I saw an article on a news feed the other day that indicated there has been a change in the amount of cheating in business over the last several decades. The article also indicated that the level of cheating in universities is also increasing. It seems that the ends justify the means. Not only have we lost some of our moral fiber in this country, we are seeing this degradation emphasized in schools, business practices and even the media. I think a person only has to watch a small amount of television (not only the news but in the reality type shows) and you can easily see what I'm talking about. Combine this with major scandals in the last 15 years (Enron, the mortgage crisis and the global financial crisis in 2008 to mention a few) and the trend is not pretty. Individuals can have strong moral compasses but the influence of peer groups is overpowering.
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The Federal Government has specific instances when they can withhold payment of money owed to Government Contractors. Many companies that are in the business of government contracting do not fully realize what this means and they can be surprised when they do not receive the full amount they are due at the time they think they are due the funds. After all, the Federal Government is the world's largest purchaser of goods and services and have an excellent credit rating. There are costs associated with dealing with this customer, however.
The President released his FY 2015 Federal Budget proposal earlier this week. This proposed budget will get reviewed, discussed, negotiated and beaten up over the next 6 months for sure. This year might be a little different due to the Ryan-Murray budget deal. I think it is worthwhile to examine what the White House considers the highlights and also to see if there are any other major impacts to government contractors.
At this time every year I start to think about Incurred Cost Reports. Just like I start to think about my personal income taxes at home right after the holidays. Most companies will have until the end of June to complete the incurred cost submission. That doesn't mean you shouldn't start early and not wait until the last minute. Many companies may enlist their CPA to complete this report to the government. This is the same CPA that is busy right now completing the tax return for the business. I have nothing against that if the CPA is well versed in government contracting and experienced with the format required for submitting the incurred cost proposal. The sad truth is that many of these preparers have not had a lot of experience with either the Federal Government contract requirements and/or with submitting an incurred cost report. Yes, all of this is public knowledge, all the requirements are known and public information but there are many fine points that are gained only through experience. Now, many times the DCAA will audit these incurred cost reports and go over them with a fine tooth comb. Your chances of getting your incurred cost report audited are probably higher than the odds of getting your personal tax return audited. For this reason alone, you want to make sure your incurred cost proposal is as good as possible. When you combine the audit risk with the fact that the DCAA is slightly behind schedule in auditing incurred cost proposals, you could not be audited for several years (some audits are as much as 6 to 7 years after submission). Again, it becomes imperative that the incurred cost report be done correctly. Another point is that if you have your CPA help you with the incurred cost report, they will probably not be able to begin work on the incurred cost proposal until after tax time which means after April 15th. While this is plenty of time usually to complete an incurred cost report for a small business, it could be done earlier and the worry could be eliminated.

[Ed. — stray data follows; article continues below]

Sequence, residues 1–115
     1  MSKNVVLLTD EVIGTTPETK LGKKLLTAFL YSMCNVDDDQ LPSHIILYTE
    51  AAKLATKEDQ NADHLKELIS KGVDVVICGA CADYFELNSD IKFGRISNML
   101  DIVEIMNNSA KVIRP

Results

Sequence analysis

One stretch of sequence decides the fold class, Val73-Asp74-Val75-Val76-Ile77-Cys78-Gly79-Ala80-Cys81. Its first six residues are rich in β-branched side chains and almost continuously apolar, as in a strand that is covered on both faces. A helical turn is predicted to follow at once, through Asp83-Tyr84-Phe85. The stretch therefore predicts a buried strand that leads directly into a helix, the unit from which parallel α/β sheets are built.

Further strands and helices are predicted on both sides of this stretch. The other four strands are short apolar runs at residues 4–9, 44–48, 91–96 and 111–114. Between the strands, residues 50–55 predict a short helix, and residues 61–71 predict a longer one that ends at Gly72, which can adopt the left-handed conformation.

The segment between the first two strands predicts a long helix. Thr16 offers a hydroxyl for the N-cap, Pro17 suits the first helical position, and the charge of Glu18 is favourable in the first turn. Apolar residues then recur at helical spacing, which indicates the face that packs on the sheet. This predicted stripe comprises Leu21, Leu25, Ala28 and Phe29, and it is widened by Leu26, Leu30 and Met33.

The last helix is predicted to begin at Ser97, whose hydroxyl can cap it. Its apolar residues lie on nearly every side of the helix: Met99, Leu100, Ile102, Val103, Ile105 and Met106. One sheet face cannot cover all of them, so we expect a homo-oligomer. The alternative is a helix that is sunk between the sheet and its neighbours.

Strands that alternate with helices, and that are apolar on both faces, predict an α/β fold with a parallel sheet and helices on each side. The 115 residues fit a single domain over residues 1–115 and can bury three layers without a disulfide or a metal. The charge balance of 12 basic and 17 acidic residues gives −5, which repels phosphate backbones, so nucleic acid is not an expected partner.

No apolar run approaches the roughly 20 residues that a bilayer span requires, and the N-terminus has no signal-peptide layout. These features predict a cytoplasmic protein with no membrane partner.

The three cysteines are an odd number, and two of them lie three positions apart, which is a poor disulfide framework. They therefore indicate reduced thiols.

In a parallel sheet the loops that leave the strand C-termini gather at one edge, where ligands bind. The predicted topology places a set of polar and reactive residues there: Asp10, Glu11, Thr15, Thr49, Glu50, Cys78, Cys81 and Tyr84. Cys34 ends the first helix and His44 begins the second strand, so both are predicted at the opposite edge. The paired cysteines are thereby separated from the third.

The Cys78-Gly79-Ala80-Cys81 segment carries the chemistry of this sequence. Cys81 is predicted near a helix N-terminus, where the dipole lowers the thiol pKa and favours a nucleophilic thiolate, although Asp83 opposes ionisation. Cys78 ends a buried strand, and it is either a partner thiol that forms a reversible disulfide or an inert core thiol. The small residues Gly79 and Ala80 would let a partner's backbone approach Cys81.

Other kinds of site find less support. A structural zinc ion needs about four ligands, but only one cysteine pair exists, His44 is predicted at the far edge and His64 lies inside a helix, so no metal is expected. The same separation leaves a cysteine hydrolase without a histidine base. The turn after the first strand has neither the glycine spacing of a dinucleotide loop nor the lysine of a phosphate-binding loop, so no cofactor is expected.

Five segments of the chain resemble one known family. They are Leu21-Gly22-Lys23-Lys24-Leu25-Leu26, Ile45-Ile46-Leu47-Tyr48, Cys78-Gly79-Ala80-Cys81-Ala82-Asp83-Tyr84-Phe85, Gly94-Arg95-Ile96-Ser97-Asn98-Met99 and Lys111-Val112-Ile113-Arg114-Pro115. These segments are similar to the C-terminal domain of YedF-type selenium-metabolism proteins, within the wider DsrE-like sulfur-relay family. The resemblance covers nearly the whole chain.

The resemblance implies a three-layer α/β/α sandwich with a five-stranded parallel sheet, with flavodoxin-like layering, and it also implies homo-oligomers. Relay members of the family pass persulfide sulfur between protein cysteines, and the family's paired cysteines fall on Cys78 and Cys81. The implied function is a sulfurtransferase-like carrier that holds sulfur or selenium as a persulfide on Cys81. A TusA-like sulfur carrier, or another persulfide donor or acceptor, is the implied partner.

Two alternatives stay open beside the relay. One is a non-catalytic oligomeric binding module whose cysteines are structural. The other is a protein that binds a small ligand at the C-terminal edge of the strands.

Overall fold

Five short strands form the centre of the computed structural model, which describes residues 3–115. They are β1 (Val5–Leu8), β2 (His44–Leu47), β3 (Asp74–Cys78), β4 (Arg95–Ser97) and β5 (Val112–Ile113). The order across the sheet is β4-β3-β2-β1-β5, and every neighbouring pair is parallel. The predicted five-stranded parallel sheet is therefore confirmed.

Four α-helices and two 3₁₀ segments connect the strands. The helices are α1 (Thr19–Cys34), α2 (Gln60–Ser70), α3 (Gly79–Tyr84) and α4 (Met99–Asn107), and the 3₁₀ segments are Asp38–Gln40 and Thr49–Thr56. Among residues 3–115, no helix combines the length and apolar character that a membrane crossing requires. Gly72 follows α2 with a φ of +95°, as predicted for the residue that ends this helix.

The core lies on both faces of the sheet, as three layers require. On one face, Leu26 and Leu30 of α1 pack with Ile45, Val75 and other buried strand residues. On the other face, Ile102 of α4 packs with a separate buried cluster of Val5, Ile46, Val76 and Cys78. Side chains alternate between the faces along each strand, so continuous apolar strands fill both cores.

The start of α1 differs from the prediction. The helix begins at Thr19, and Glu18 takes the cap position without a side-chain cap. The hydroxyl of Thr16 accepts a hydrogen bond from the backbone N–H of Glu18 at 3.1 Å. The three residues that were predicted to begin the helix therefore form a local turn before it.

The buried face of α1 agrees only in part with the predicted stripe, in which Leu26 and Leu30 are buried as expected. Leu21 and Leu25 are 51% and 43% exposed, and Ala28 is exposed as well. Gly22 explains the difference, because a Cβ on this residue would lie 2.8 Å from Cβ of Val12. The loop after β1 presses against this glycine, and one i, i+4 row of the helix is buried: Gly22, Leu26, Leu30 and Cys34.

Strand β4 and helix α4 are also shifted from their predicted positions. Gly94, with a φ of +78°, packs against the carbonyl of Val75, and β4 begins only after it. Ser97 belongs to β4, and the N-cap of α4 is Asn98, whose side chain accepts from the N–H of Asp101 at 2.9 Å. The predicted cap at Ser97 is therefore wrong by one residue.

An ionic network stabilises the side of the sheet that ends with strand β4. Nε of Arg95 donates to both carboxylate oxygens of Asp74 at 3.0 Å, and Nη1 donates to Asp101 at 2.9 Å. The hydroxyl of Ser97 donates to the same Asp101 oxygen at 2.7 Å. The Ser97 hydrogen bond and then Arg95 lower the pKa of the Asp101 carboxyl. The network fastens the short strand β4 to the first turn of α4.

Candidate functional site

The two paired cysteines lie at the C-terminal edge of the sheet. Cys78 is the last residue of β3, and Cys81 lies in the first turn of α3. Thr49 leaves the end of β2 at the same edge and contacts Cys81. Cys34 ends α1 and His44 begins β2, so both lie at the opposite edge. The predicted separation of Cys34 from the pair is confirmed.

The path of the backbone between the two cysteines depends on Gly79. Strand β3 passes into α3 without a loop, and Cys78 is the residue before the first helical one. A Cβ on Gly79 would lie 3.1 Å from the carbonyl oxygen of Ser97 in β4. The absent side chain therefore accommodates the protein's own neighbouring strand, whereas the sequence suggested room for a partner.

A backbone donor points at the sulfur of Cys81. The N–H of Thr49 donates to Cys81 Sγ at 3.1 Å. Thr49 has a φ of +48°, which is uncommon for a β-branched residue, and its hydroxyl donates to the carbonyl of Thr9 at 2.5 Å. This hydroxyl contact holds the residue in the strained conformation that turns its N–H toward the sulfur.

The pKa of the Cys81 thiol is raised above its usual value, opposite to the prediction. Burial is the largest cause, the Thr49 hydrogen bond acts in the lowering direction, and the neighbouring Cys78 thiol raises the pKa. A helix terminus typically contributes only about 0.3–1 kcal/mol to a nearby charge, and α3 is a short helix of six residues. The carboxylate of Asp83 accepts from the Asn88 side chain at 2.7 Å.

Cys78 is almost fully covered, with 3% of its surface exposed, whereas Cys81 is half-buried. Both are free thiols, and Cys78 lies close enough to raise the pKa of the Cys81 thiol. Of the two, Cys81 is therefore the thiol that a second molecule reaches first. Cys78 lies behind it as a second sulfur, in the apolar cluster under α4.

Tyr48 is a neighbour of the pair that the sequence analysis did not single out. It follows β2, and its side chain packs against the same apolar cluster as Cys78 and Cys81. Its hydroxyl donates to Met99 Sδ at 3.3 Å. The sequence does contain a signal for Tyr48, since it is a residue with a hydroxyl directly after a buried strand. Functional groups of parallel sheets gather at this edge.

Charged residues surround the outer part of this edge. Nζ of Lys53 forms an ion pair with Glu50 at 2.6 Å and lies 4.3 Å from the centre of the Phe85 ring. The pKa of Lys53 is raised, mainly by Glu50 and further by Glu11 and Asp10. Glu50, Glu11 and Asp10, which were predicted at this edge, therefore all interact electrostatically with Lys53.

Many small businesses are looking to the Federal Government for either a solid first market or a market expansion for their business. I think the Federal Government is a good customer to have, as long as you understand the pros and cons of doing business with this customer (in other words, the risks).
As we did a webinar this morning for quite a few SBIR award winners from the Navy regarding the DCAA and the DCMA, it occurred to me that there could be a lot of small business government contractors that are slightly confused about these agencies roles. I thought it would be useful to go over a little bit of the discussion from the webinar here.
There is usually no argument that timekeeping and labor recording are the most important part of government contracting. We have written many blogs on the subject. One thing that is perhaps not clear is the retention of records relating to this labor recording. If you are using a manual timekeeping system, there is usually no issue with keeping timecards. I think most people have a hard time discarding paper records.